In 2014 Ben Yagoda in the Chronicle of Higher Education named her among his top candidates for "best living writer of English prose".[12] She was called "one of the mothers of the Internet".[13]


As of October 2018, Heffernan is the co-host of Slate's Trumpcast podcast with Jamelle Bouie. In it, the hosts evaluate and critique the presidency of Donald Trump, interviewing guests like Yascha Mounk, Fareed Zakaria, David Corn and more.[14]

Books and TV

Heffernan has contributed to a number of books, covering topics that include depression, TV series and the impact of the internet.[]

In 2005, Heffernan (with co-writer Mike Albo) published the comic novel, The Underminer. The MTV documentary on the murder of Matthew Shepard, Matthew's Murder--for which Heffernan wrote the script--was nominated for an Emmy award.[15]

Magic and Loss

Heffernan has been online since the age of ten, when she used a Zenith computer terminal and dial-up modem at home to play a MUD at Dartmouth College.[16] Her book about digital culture, Magic and Loss: The Internet As Art (Simon & Schuster) was published in June 2016.[1][17] In this, Heffernan argued that the Internet is "the great masterpiece of civilization, a massive and collective work of art".[18] The book was well-received, earning a starred Kirkus review,[19] and showing up on summer reading lists, including those of Gwyneth Paltrow and Lenny Letter.[20] Paltrow called Heffernan, "One of the writers I most admire",[21]The New York Review of Books called it "an ecstatic narrative of submission",[22] and The Wall Street Journal described it as "An illuminating guide to the internet".[23] Writing in The New Yorker, Louis Menand wrote that "Heffernan is smart, her writing has flair, she can refer intelligently to Barthes, Derrida, and Benjamin--also to Aquinas, Dante, and Proust--and she knows a lot about the Internet and its history. She is good company."[24]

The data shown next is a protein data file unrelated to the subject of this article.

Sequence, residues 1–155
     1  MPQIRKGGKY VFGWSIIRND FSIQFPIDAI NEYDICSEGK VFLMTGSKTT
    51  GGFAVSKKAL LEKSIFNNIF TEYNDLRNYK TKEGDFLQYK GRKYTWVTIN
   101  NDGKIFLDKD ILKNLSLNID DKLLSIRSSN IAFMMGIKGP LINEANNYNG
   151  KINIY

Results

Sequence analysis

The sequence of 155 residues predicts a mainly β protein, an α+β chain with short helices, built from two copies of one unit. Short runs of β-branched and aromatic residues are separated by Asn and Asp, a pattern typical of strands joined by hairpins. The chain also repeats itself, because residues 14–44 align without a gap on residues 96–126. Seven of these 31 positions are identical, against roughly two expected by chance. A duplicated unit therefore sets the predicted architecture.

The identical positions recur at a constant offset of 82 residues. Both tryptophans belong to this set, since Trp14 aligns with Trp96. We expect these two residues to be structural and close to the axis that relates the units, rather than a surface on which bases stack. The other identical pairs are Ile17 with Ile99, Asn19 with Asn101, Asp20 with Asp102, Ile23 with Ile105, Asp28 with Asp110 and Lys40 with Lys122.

In July 2013, Heffernan published an article entitled "Why I'm a creationist",[25] saying she was "considerably less amused and moved by the character-free Big Bang story ("something exploded") than by the twisted and picturesque misadventures of Eve and Adam". She concluded by quoting author Yann Martel's summation of his novel, Life of Pi: "1) Life is a story, 2) You can choose your story, 3) A story with God is the better story".[25][26] In a subsequent discussion on Twitter with the popular science writer Carl Zimmer, Heffernan clarified her stance -- "I'm a creationist on aesthetic grounds".[27] Heffernan received much criticism for her column.[27][28][29][30][31][32][33] Critics responded to her postmodern stance,[32][34] several quoting Daniel Patrick Moynihan: "Everyone is entitled to his own opinion, but not to his own facts".[27][30] However, writing in The Guardian, Andrew Brown dismissed Heffernan's critique of evolution, but noted that: "[s]he is certainly not a young-earth creationist ... [b]ut she wants stories where people find hope and courage in the events of the world around them, and she finds them in religion, not in science".[31]